If we could but get a peep at the tally of Dame Fortune, where like a vigilan_andlady she chalks up the debtor and creditor accounts of thoughtles_ortals, we should find that every good is checked off by an evil; and tha_owever we may apparently revel scot-free for a season, the time will com_hen we must ruefully pay off the reckoning. Fortune, in fact, is a pestilen_hrew, and, withal, an inexorable creditor; and though for a time she may b_ll smiles and courtesies, and indulge us in long credits, yet sooner or late_he brings up her arrears with a vengeance, and washes out her scores with ou_ears. "Since," says good old Boethius, "no man can retain her at hi_leasure, what are her favors but sure prognostications of approaching troubl_nd calamity?"
This is the fundamental maxim of that sage school of philosophers, th_roakers, who esteem it true wisdom to doubt and despond when other me_ejoice, well knowing that happiness is at best but transient; that the highe_ne is elevated on the see-saw balance of fortune, the lower must be hi_ubsequent depression; that he who is on the uppermost round of a ladder ha_ost to suffer from a fall, while he who is at the bottom runs very littl_isk of breaking his neck by tumbling to the top.
Philosophical readers of this stamp must have doubtless indulged in disma_orebodings all through the tranquil reign of Walter the Doubter, an_onsidered it what Dutch seamen call a weather-breeder. They will not b_urprised, therefore, that the foul weather which gathered during his day_hould now be rattling from all quarters on the head of William the Testy.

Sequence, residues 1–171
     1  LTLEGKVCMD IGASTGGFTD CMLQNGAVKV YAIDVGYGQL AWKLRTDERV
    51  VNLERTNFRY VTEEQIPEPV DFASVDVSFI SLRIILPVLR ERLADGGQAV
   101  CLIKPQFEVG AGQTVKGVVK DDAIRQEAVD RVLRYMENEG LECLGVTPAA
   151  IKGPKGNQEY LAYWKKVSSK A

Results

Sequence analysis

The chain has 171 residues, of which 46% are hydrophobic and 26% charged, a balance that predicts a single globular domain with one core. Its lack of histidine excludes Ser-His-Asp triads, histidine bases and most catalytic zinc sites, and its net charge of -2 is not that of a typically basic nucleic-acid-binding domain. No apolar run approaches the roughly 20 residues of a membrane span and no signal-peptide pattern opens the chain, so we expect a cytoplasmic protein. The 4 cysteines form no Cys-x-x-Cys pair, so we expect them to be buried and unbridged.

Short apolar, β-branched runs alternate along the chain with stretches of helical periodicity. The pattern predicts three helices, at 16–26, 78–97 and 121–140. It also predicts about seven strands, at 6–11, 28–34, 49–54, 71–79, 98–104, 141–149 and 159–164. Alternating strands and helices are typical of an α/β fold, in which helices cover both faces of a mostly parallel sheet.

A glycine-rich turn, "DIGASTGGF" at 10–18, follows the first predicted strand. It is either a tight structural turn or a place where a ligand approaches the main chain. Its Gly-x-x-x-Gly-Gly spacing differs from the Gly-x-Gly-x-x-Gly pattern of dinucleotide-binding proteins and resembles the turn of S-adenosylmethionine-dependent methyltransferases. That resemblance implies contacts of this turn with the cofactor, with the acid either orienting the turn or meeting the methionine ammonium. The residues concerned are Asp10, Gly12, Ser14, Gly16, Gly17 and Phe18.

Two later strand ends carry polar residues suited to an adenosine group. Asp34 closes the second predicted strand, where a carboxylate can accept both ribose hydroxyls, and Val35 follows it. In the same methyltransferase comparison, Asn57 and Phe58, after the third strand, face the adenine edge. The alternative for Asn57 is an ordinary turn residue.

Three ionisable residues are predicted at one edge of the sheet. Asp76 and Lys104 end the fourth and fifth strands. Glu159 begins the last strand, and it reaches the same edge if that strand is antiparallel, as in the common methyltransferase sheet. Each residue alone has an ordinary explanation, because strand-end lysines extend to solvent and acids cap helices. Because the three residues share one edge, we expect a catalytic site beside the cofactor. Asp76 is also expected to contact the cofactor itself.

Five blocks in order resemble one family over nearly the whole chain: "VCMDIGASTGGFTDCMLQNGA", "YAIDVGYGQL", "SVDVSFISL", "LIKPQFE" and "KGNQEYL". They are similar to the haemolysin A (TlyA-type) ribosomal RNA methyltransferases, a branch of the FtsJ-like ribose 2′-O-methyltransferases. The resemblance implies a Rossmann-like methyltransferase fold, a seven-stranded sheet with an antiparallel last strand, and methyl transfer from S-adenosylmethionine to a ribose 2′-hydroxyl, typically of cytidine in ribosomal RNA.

The origin of some of these troubles may be traced quite back to th_iscoveries and annexations of Hans Reinier Oothout, the explorer, and Wynan_en Breeches, the land-measurer, made in the twilight days of Oloffe th_reamer, by which the territories of the Nieuw Nederlandts were carried far t_he south, to Delaware River and parts beyond. The consequence was man_isputes and brawls with the Indians, which now and then reached the drows_ars of Walter the Doubter and his council, like the muttering of distan_hunder from behind the mountains, without, however, disturbing their repose.
It was not till the time of William the Testy that the thunderbolt reached th_anhattoes. While the little governor was diligently protecting his easter_oundaries from the Yankees, word was brought him of the irruption of _agrant colony of Swedes in the South, who had landed on the banks of th_elaware, and displayed the banner of that redoubtable virago Queen Christina,
and taken possession of the country in her name. These had been guided i_heir expedition by one Peter Minuits or Minnewits, a renegade Dutchman,
formerly in the service of their High Mightinesses; but who now declare_imself governor of all the surrounding country, to which was given the nam_f the province of New Sweden.
It is an old saying, that "a little pot is soon hot," which was the case wit_illiam the Testy. Being a little man, he was soon in a passion, and once in _assion he soon boiled over. Summoning his council on the receipt of thi_ews, he belabored the Swedes in the longest speech that had been heard in th_olony since the wordy warfare of Ten Breeches and Tough Breeches. Having thu_aken off the fire-edge of his valor, he resorted to his favorite measure o_roclamation, and despatched a document of the kind, ordering the renegad_innewits and his gang of Swedish vagabonds to leave the country immediately,